Posted May. 11, 2009 03:04,
Creditors will select this week for restructuring more than 10 conglomerates from among 45 business groups deep in debt.
The selected conglomerates must sign memoranda of understanding on improvement of their financial structure with creditor banks by the end of the month and undergo intense restructuring, including the sell-off of affiliates.
Financial industry sources yesterday said creditors will sign the agreements with 14 business groups that failed to pass last months financial assessment, and several other groups that passed but are highly likely to face deteriorating managerial conditions and are now conducting last-minute coordination.
A financial authority source said, In principle, creditor banks must sign MOUs with conglomerates that failed to pass, but plan to include certain groups that run the risk of deteriorating business conditions, while excluding other groups that failed to pass due to temporarily increased debt ratios stemming from the characteristics of their industries."
Conglomerates to be subject to the MOUs will be singled out early this week.
Hence, creditor banks are excluding shipbuilders and companies focused on exports, which saw their debts ratios soar instantly due to the weaker won or higher oil prices, from the list of conglomerates subject to restructuring.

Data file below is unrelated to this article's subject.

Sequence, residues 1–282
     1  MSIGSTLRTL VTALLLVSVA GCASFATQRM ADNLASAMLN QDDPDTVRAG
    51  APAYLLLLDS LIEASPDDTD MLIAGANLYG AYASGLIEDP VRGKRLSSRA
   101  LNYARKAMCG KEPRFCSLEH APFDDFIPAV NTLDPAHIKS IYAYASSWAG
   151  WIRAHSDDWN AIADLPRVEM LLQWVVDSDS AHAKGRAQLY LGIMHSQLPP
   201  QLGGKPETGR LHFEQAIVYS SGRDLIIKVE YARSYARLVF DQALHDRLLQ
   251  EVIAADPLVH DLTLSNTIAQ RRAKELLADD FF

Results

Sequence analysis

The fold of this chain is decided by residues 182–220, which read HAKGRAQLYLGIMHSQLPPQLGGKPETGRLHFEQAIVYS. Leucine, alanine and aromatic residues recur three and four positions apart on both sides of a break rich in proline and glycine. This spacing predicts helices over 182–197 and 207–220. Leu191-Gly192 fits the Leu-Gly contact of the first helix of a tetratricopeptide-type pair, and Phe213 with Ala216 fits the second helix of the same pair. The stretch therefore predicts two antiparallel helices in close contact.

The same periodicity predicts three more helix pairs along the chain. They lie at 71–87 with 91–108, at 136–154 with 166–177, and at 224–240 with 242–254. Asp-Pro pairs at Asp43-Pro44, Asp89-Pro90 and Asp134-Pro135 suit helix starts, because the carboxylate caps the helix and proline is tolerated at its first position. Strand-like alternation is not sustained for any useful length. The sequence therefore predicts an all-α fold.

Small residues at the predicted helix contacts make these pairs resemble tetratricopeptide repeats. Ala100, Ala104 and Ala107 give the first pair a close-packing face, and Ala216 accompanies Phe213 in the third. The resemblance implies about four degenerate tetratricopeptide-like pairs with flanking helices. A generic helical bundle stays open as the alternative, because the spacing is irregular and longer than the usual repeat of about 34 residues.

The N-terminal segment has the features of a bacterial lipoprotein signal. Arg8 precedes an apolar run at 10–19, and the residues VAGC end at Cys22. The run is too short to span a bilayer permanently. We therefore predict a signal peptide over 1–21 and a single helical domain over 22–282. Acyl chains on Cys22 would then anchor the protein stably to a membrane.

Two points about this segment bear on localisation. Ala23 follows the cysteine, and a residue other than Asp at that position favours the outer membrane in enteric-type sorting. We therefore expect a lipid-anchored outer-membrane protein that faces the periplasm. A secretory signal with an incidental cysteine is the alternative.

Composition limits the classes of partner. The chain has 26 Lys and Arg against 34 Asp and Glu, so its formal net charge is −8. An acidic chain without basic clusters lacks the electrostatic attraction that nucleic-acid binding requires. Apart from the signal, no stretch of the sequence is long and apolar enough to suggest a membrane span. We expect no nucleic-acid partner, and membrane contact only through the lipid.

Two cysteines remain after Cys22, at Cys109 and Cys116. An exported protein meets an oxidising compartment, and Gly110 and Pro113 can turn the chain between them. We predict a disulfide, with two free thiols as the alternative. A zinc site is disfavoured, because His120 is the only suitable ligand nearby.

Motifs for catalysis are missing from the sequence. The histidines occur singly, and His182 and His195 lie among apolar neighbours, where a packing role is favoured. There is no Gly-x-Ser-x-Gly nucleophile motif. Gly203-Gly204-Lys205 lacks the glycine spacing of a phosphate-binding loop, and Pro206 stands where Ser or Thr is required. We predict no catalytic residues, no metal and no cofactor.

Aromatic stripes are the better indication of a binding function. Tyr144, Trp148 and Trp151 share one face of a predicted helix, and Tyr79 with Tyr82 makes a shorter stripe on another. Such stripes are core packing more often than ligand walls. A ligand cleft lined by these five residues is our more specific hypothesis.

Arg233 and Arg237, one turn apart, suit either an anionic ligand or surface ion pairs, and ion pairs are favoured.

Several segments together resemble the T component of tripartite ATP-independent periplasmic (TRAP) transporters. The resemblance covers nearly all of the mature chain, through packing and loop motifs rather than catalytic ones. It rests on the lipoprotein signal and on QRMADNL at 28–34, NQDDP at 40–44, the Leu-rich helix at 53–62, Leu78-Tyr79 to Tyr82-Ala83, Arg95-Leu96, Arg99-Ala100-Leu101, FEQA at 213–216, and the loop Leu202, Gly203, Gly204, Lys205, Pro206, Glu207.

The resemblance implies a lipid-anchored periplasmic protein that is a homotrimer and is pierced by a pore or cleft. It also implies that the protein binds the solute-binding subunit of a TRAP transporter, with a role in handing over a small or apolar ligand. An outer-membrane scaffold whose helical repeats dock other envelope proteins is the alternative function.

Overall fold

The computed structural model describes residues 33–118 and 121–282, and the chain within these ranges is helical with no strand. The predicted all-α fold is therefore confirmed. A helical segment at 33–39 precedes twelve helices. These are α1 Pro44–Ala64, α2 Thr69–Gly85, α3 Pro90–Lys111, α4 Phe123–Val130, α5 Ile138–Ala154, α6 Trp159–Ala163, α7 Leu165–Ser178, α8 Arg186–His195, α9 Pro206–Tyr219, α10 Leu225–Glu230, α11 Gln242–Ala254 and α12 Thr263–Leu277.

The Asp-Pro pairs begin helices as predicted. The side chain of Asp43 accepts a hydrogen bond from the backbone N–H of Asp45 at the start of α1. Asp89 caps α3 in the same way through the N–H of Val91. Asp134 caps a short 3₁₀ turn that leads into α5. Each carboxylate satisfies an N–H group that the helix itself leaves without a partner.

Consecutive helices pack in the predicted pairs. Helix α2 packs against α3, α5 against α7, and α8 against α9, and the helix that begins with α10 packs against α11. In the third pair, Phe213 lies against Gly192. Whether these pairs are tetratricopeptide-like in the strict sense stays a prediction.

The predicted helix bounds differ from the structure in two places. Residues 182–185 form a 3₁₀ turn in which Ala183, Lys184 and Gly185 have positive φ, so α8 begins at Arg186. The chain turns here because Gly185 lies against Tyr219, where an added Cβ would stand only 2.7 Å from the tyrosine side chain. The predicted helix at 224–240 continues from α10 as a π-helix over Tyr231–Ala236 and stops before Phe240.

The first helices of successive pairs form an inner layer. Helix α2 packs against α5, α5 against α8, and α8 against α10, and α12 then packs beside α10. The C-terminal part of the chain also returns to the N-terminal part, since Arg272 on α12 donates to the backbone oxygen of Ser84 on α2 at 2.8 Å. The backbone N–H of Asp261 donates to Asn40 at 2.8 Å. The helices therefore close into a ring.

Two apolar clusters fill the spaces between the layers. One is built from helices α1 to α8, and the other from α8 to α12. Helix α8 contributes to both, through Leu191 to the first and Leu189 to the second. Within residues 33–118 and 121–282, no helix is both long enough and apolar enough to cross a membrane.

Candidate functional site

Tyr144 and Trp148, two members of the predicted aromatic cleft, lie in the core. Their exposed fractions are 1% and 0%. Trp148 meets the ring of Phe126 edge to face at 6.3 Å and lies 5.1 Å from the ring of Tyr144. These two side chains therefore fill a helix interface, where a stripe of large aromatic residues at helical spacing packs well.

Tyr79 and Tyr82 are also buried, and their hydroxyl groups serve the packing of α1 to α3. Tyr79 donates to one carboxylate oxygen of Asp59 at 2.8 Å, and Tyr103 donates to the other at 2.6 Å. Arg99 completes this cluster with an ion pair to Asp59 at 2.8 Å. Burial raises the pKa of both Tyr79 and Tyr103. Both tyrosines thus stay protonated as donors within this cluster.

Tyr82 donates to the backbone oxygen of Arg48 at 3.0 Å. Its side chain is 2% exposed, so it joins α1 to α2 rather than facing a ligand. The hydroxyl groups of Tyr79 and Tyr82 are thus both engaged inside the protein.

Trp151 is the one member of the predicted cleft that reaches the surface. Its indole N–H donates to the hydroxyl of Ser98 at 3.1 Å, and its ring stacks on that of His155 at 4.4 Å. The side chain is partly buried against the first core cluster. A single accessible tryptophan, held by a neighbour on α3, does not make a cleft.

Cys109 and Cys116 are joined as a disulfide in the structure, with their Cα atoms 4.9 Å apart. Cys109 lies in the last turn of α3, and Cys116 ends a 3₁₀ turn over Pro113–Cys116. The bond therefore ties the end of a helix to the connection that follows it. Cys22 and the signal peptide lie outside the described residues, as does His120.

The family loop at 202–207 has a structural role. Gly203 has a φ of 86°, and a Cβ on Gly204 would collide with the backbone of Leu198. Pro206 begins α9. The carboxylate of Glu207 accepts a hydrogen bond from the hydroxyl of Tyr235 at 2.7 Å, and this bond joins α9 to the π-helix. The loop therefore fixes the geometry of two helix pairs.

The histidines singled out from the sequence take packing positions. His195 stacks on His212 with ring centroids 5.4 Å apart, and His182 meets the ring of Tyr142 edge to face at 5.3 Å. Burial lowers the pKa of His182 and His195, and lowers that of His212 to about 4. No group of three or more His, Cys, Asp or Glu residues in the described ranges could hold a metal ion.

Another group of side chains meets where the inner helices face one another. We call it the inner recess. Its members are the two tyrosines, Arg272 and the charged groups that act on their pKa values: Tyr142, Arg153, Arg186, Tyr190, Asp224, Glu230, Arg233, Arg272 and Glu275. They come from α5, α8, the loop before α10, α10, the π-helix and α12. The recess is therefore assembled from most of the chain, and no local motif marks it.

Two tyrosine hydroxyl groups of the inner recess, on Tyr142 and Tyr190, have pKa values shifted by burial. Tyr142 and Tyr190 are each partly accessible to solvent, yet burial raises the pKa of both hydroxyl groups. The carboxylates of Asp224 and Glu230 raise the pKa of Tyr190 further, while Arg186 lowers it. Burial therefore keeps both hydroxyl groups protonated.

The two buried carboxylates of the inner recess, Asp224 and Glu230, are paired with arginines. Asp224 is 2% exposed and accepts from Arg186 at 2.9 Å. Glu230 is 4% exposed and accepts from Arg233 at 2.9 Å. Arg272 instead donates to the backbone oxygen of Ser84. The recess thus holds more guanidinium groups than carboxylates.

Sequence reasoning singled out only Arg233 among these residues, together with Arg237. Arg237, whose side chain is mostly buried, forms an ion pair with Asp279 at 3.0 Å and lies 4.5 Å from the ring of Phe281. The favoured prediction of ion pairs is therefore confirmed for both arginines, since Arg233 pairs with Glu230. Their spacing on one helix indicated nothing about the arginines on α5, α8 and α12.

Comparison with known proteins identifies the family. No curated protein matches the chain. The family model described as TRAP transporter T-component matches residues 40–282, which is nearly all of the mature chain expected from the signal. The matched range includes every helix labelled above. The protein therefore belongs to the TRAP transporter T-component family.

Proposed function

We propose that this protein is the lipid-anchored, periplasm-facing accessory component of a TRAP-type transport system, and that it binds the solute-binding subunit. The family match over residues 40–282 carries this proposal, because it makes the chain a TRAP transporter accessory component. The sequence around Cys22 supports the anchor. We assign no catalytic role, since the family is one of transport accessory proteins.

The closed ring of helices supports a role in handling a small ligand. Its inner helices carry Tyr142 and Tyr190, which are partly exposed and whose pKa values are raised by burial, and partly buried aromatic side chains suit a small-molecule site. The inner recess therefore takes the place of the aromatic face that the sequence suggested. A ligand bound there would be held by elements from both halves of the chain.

In contrast, those to be included are conglomerates facing a high chance of deteriorating financial structures due to the financial burden from excessive mergers and acquisitions, though they passed the financial assessment.
For instance, financial authorities say a conglomerate that bought a company when the latters share prices plunged under the condition that the latter repurchase the shares must undergo restructuring, even if the former has sustained a good financial structure.
Conglomerates subject to the restructuring campaign are lobbying creditor banks to exclude them from the list, while pushing to implement corporate restructuring. Several conglomerates recently put up affiliates for sale or issued massive volumes of corporate bonds to demonstrate that they can improve their financial health through self-rescue efforts.
Creditor banks, however, say such efforts are inadequate and are considering the suspension of new credit lines to conglomerates that reject signing the agreements.
Apart from corporate restructuring focusing on business groups, creditors will begin this week credit risk assessments on more than 400 other large companies. Those found to be financially weak will be subject to debt workout or exit from the market.